1. When you swing, pull the club with your left arm (assuming you're right handed). Power comes from the left. Your right arm is just there for guidance, not for power. Opposite of baseball. Practice at the range holding a towel in your right armpit. That'll keep your right elbow tucked in and eliminate a baseball swing. Don't worry about where the ball goes when the towel's in there, the towel's not going to be there when you're actually playing, you just want to use the towel to get used to having your right elbow in and pulling with your left arm. The range is for bad shots anyway....

2. If you've got an outside-in swing (this is the likely culprit if you have a bigtime slice, like I did), when you warm up before swinging, don't take your normal swing. Instead swing a few times as if the club is a big bucket of water you're throwing over your left shoulder. Before you take these warm up swings, don't bother setting up properly or anything. This is just to get your body used to an exaggerated inside-out motion.

3. If you think about your swing as a pendulum, the pivot isn't the middle of your chest, it's your left shoulder. Really helped me visualize the game, from lining up right, to hitting down on the ball, to follow through, to weight shift, etc. This whole deal's a mental game... I'm sure... maybe...

4. If you're struggling with the driver, seriously consider buying a driver with a short shaft (42-44") and/or high loft (more than 10 degrees). Mine is both. Short shaft means easier to make good contact; high loft means backspin to compete with sidespin (i.e., slice). Upside is accuracy; downside is distance. Also, the ultimate goal is to drive the big dog 300 yards down the fairway, and leaving the big dog in the garage doesn't help me there. But if you struggle with the big dog, better to be 230 in the fairway than 280 in the woods. And I've got enough other holes in my game that I count 230 in the fairway as a strength....

No idea if any or all of these will work for you, and I'm sure some people here will have had bad experiences with or recommend against any or all of them. All I know is that they helped me make the transition from really, really sucking to being a normal bad golfer. I fear my next step -- somehow becoming a good golfer -- is one I won't be able to acheive.... Gotta dust off the big dog...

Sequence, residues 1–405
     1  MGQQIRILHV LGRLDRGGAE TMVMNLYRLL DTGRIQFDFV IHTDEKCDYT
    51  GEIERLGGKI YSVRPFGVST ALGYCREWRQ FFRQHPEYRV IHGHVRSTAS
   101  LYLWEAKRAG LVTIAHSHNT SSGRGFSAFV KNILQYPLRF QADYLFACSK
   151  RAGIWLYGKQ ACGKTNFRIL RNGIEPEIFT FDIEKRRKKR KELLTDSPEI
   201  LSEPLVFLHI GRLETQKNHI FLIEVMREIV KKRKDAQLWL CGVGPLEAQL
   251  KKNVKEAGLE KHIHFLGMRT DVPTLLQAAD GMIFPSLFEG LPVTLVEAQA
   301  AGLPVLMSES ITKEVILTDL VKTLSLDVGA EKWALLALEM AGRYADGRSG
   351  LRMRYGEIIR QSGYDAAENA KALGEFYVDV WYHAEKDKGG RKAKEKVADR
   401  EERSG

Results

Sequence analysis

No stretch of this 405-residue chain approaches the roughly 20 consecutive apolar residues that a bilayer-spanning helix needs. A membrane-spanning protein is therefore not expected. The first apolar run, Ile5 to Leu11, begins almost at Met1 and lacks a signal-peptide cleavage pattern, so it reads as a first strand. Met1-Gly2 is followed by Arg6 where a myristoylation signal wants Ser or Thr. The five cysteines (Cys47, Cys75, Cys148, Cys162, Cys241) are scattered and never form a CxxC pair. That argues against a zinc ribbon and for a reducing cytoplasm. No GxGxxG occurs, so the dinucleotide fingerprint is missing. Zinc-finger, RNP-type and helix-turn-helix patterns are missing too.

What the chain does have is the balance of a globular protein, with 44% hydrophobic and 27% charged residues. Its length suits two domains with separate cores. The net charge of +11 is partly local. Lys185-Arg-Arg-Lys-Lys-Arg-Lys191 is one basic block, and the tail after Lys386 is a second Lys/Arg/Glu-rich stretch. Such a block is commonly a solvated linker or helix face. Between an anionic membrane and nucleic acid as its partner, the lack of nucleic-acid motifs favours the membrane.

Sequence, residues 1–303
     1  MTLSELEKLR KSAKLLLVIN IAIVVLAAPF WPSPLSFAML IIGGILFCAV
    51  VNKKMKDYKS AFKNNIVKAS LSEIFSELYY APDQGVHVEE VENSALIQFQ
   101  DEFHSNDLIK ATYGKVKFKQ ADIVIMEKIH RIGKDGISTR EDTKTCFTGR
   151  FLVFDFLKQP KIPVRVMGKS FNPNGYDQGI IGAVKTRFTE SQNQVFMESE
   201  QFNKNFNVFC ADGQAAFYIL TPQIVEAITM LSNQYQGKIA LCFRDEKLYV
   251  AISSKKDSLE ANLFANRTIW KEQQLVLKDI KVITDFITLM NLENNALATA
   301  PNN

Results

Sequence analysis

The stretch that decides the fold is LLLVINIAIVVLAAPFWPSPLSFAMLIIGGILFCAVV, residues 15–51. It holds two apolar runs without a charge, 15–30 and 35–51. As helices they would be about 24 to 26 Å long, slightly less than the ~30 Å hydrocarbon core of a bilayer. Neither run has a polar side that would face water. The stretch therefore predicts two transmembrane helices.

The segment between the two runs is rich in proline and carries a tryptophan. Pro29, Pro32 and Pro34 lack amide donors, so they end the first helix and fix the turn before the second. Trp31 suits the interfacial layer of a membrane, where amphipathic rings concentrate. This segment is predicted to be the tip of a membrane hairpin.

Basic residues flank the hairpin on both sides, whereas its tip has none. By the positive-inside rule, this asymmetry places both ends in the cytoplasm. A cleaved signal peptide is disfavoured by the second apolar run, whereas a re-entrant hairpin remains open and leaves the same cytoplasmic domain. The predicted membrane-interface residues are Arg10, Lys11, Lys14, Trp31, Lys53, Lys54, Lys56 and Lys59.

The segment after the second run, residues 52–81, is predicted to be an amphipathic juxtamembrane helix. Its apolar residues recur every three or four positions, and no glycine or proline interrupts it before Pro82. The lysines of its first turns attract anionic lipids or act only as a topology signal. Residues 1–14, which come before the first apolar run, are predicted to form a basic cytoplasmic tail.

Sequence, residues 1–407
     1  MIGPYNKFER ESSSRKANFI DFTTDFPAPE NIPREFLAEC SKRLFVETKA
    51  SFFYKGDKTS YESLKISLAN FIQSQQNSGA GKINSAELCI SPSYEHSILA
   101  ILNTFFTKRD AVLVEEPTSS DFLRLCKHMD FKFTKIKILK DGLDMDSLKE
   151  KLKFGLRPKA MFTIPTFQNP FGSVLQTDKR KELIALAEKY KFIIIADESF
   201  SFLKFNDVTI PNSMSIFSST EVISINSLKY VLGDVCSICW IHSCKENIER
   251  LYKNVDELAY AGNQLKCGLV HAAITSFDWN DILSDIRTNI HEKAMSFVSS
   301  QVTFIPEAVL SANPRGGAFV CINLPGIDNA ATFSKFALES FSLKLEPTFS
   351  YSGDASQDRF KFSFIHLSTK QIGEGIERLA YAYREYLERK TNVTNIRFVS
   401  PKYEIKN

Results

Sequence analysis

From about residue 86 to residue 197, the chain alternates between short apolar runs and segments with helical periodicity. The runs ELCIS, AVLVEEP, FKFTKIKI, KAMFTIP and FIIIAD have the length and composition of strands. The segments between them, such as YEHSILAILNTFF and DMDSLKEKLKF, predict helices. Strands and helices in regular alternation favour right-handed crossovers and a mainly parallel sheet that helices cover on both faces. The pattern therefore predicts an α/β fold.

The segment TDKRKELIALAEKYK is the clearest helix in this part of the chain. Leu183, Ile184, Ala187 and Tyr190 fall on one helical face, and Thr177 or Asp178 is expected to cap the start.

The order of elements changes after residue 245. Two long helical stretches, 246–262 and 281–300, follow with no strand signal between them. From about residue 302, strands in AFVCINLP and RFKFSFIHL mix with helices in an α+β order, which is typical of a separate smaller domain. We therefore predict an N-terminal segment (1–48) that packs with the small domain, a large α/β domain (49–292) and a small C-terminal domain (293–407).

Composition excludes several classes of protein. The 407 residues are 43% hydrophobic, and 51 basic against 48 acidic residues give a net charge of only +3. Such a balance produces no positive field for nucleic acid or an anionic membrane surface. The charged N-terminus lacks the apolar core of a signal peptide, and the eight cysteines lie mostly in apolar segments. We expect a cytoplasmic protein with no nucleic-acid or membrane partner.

I'm on the range this weekend (and maybe will have time to get 9 holes in), I will feedback on these tips.

Thank you!

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One thing that I found when starting out, or being newish to the game is to learn how to RELAX on the golf course. When at the range, if you mis hit a shot, it's no big deal, as you have many more balls to correct the mistake, or at least try, not so on the course, so you tend to tense up, and there's not 1 thing I can think of that you can do well while your tense.

Also, don't have more than 2 swing thoughts if you have them, most get to confused and blow the shot anyway.

Then there's the TEMPO, TEMPO thing. Hurried/fast swings usually bring more trouble than not. Last BREATHE, you can't relax if you don't breathe, try counting on your swing, from take away..1001  1002 that helped me. Good luck and keep trying.

I see what you mean about 'no more than 2 thoughts'.

But I don't quite get the counting on the swing - can you either give a little bit more info or provide a link please?

Thanks for your thoughts...I think last weekend I was a bit rushed and consequently didn't relax at all. We all had 2 young guys behind pushing on us a bit and I felt rushed even if I actually didn't need to be.

It certainly has more of a mental element on the course than the range for sure....

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What I mean by counting is, once you are at address and ready to make your swing, before your takeaway, count  1001...1002 should be the finish of your swing. That way you avoid the "fast" or hurried swing, and you'll likely make better contact. Oh and making sure your relaxed. What I strive for is a swing tempo like Freddy Couples or Ernie Els, not saying you should strive for that type of swing, but it will tend to slow you down a tad for better contact, at least it does for me.

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This might sound weird, but try chewing gum. I noticed that I hit much better shots on the course when I'm chewing gum. If I try to hit it too hard, I tend to tense up and clench my jaw a bit. If I'm chewing gum, I stay a lot more relaxed and swing more free. So, try that and see if it helps. It certainly can't hurt, and won't put any additional thoughts into your head.

No offense to anyone that has posted swing thoughts, but in my opinion, thinking over the ball is the worst thing you can do. Think about what you're going to do before you get over the ball, take a practice swing, and then just hit it.